The buildings surrounding the city of Laramie’s wellheads will be getting an upgrade, starting with the design process this winter.
The long-awaited project will not only improve outdated infrastructure but also wellhead safety in case of emergencies.
Part of its consent agenda, the Laramie City Council voted Dec. 17 to approve a professional services agreement for $73,640 with a contingency of $7,364 to Engineering Associates for the design of six new wellhead buildings.
Four wells at the Pope Well Field and two Turner Wells at City Springs will be upgraded over the next three fiscal years, with the city budgeting to complete two per year.
“If, for some reason, the design takes longer than July 1, then what we will do in the budget process is we’ll just roll that money forward and then we’ll end up doing four the next year instead of two,” city Utility Division Manager Cal Van Zee told the Boomerang Monday.
The design phase of the project should take an estimated three months to complete, Van Zee said, and includes constructing a brick and mortar building and solid foundation at each wellhead.
The more structurally-sound building will be a much-needed improvement compared to the older structures currently there.
“The buildings themselves, they’ve actually been in the budget for a couple of years,” Van Zee said. “There are fiberglass buildings that are out there now, and basically you can punch a hole in it with a hammer.”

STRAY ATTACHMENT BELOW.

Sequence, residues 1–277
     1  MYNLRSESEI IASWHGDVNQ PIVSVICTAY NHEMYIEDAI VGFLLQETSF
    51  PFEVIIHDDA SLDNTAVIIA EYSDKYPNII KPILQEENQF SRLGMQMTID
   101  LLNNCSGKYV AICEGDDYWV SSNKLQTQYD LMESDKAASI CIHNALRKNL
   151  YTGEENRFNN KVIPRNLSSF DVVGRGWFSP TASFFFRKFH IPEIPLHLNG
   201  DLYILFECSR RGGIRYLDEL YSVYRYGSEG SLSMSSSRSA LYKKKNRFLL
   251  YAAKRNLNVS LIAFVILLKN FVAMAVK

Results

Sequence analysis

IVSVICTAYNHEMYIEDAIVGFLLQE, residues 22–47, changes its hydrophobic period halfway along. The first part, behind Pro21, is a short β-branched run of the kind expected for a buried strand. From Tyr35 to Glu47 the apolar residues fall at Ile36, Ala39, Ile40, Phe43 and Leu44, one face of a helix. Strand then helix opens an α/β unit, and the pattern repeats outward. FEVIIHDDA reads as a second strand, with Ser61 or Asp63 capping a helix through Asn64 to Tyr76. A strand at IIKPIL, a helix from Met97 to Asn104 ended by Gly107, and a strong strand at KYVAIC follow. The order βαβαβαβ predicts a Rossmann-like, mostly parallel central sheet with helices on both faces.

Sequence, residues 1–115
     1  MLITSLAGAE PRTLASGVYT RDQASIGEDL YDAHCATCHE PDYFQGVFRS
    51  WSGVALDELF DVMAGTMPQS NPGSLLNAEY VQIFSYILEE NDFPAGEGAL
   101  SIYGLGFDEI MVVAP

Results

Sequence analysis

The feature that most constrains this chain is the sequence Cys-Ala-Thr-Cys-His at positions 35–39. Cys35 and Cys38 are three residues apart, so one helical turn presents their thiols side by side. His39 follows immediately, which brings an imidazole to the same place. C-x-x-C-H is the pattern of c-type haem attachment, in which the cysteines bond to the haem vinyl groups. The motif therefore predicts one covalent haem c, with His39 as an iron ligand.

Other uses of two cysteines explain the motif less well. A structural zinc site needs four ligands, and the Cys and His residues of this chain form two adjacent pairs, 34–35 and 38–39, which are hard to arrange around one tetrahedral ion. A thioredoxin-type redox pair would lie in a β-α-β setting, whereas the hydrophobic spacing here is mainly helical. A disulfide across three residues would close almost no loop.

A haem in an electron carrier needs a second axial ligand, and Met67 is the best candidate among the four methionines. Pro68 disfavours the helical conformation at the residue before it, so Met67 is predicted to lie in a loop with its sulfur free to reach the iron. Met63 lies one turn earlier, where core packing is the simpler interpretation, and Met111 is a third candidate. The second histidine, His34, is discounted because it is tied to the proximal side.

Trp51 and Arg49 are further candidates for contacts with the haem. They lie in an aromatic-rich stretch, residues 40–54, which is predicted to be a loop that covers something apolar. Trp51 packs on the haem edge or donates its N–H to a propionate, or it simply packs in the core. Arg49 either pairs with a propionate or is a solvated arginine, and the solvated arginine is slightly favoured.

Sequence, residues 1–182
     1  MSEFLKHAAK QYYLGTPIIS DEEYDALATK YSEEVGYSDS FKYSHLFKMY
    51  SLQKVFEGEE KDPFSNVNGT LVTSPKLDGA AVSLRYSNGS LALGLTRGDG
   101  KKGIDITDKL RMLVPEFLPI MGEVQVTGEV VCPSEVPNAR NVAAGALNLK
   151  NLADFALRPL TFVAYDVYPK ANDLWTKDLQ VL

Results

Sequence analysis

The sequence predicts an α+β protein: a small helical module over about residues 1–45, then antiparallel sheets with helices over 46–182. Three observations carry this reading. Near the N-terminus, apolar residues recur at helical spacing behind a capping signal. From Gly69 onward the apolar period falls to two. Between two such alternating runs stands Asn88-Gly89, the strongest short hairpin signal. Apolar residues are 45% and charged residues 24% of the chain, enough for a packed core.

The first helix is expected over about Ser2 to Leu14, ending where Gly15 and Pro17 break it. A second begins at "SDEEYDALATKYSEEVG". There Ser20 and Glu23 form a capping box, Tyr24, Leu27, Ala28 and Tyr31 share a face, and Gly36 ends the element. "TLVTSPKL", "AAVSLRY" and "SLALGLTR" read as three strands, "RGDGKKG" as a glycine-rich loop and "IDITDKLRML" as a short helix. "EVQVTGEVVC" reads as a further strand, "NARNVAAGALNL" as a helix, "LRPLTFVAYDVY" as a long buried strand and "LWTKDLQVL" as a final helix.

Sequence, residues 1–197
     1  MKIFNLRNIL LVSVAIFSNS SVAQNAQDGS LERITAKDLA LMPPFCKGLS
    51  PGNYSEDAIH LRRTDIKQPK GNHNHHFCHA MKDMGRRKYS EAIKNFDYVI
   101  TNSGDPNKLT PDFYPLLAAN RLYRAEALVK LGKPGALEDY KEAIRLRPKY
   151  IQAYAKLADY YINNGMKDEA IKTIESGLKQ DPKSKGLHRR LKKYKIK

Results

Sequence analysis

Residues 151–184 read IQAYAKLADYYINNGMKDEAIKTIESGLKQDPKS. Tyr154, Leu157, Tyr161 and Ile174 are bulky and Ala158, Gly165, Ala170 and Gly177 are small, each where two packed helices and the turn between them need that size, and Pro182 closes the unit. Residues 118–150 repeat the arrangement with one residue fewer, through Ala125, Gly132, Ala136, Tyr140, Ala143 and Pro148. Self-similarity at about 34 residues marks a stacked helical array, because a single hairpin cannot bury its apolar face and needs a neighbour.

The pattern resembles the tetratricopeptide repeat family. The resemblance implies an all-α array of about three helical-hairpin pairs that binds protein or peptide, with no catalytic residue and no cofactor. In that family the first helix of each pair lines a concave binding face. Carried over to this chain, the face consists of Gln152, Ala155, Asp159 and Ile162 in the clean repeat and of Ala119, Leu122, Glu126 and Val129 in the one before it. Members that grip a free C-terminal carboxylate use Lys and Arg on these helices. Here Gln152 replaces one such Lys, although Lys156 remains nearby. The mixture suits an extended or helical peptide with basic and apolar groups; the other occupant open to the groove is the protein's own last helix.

Additionally, the plans call for upgrades to the electrical infrastructure at the wellheads, which are currently “all exposed to the weather at this point,” Van Zee said. Upgrades will also improve area lighting, heating and the wellhead communication systems.
While it’s been on the city’s backburner for some time, Van Zee said the project was prompted further after the Department of Homeland Security noted some concerns about the wellfields during its evaluation of the city’s water and wastewater systems last year.
“They really helped us to be able to identify things that they saw as a priority that we needed to address,” he added.
The DHS particularly emphasized potential security systems and concerns for water infrastructure in more remote sites, according to documents presented to the council for the meeting.
Additionally, the building upgrades will fulfill piping clearance requirements from the Environmental Protection Agency. Van Zee said the distance from the top of the wellhead to the ground will be extended, as the distance is currently too short to meet the Wyoming Department of Environmental Quality and EPA guidelines.
“There’s a lot of win-win with it,” he added.
Engineering Associates was one of two firms that responded to the city’s Request for Qualifications period earlier this fall. After reviewing both proposals and interviewing teams from both Western Water Associates and Engineering Associates, city staff recommended the latter for the design project.
Both companies have offices in Laramie, as well as in other cities around the state and Rocky Mountain region.
Once the design is complete and approved by the DEQ, Van Zee said the city is hoping to start advertising for construction bids in the spring.
“I don’t expect it to exceed the three-month design time,” he said. “It’s one of those projects, it should go very smoothly.”